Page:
Friday, 17 July 2009

To the Difference Engine!

For fans of Ada Lovelace and Charles Babbage: 2D Goggles. This is the site for animator (Melina) Sydney Padua's steampunk webcomic about Lovelace and Babbage in a pocket dimension where they become crime-fighting adventurers. The strip is under development and bit fragmentary so far, but for coherent sections see the introductions to the characters at Lovelace - the origin (drawn for Ada Lovelace Day) and BBC Techlab; the three-part story Lovelace and Babbage vs The Economy (parts 1, 2, 3); The Person from Porlock (which reveals the truth behind Coleridge's famous interruption).

Sydney Padua, who admits the whole thing is experimental, as she's not a comic artist by profession, describes it as:

either the agonizing birth pangs, or monstrous death-throes, of a comic.

I hope it proceeds to fruition. Her style is brilliant (akin to that of Posy Simmonds) and the commentary about the history and development process is worth reading too:

Isambard Kingdom Brunel was like the Wolverine of the early Victorians.
I read the extraordinary Charles Babbage’s comic masterpiece of an autobiography. I urge everyone to read it immediately. It has charts. CHARTS!

And there are generally interesting (if you're a bit geeky) Lovelace/Babbage links such as the Lego and Meccano Difference Engines. The merchandise is fun too, especially that with the nice ST:TNG pastiche of Ada working in the Difference Tubes.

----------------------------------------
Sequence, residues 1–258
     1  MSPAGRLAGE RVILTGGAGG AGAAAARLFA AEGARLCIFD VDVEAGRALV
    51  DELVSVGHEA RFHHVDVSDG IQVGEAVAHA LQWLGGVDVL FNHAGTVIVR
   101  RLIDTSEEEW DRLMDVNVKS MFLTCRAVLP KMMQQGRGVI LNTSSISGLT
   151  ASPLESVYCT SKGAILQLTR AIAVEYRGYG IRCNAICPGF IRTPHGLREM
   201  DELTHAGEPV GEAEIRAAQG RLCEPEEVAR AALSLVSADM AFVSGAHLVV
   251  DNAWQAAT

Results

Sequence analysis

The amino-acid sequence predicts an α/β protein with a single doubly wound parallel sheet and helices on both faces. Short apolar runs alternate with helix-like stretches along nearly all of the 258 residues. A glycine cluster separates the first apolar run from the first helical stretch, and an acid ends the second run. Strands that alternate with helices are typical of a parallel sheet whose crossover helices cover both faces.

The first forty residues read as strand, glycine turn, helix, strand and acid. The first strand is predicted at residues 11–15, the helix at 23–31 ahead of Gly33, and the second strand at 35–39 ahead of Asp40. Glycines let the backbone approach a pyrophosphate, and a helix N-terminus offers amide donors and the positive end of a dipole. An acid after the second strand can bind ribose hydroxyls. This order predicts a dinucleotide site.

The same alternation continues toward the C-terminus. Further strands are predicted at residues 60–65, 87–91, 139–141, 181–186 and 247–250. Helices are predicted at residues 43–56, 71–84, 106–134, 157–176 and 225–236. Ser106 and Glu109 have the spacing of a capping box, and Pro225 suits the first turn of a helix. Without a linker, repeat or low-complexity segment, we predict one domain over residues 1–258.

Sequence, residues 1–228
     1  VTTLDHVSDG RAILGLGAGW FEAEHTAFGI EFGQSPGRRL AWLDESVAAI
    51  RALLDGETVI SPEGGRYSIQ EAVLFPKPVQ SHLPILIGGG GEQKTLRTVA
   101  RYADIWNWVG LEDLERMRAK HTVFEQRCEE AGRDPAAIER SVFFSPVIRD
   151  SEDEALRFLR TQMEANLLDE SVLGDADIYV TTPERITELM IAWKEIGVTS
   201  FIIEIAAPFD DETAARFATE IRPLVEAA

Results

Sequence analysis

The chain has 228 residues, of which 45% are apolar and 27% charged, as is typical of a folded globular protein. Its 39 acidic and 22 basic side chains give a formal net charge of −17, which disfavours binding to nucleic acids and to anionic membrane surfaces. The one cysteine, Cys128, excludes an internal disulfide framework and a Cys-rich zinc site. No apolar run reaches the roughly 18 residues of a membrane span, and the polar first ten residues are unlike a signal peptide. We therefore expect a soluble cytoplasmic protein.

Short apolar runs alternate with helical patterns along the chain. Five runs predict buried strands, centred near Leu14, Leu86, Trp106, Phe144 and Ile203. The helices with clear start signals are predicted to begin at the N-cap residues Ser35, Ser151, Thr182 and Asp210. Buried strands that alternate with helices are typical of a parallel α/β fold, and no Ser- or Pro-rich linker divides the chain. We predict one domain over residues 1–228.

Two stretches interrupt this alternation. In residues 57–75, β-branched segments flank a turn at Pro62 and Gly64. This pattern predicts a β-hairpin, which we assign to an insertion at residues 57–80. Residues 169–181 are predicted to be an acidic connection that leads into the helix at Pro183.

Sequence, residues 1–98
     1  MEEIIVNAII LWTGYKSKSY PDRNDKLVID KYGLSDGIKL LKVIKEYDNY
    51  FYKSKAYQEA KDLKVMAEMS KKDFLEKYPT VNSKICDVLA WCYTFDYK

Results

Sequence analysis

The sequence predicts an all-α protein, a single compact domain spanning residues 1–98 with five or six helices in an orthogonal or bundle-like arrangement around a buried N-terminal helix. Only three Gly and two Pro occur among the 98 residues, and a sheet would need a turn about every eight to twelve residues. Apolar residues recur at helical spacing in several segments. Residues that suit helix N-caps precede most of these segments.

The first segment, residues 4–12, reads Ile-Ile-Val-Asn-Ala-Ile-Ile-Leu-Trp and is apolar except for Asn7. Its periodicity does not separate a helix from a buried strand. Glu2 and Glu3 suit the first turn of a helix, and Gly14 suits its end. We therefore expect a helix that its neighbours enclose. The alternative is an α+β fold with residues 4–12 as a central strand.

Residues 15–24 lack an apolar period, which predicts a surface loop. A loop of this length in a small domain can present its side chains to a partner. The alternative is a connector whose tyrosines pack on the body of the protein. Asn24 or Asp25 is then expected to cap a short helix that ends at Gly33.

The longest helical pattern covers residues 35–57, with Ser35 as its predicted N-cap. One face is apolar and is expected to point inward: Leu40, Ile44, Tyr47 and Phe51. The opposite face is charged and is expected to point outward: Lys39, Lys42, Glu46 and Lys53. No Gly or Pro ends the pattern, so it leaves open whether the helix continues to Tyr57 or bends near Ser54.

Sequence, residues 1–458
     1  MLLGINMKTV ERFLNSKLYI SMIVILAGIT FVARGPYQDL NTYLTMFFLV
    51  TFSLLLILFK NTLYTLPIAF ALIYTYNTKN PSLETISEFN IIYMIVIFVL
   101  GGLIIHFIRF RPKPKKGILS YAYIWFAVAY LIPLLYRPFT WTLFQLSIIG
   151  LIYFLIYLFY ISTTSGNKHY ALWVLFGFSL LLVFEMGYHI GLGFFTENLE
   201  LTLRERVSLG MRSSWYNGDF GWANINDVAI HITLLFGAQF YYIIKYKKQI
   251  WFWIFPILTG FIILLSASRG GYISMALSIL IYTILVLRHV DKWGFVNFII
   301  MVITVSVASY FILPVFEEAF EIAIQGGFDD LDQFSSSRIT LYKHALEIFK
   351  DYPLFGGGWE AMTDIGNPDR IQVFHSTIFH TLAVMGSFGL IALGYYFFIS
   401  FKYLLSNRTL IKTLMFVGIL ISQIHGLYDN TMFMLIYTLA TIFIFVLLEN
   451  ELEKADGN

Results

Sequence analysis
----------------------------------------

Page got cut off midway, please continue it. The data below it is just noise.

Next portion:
- Ray


  1. Now who could this be? (From here): He was indeed a genius, to judge by what he planned to achieve as well as what he did achieve. His irascibility was notorious. (he) was thoroughly British, stubbornly eccentric, tenaciously visionary, sometimes scatterbrained, and quite wealthy...

    I can think of only one candidate (maybe two)...

    Oh, and one "error" I discovered in the biography. In the intro to the chapter on "Street Nuisances" one group of aficionados of street music are labeled "Ladies of elastic virtue" whereas in the table you reference they are the more prosaic "Ladies of doubtful virtue." My own opinion, for what it is worth, is that "elastic" has the superior cachet.

    Don't mean to be a Babbage Picker but we wouldn't want the master of numbers of 50 significant digits to be caught in an error. Must be a typo

  2. Hmph: I wish I was quite wealthy.

    Yes, Passages from the Life of a Philosopher uses both: "elastic" in the nearby text is far more picturesque.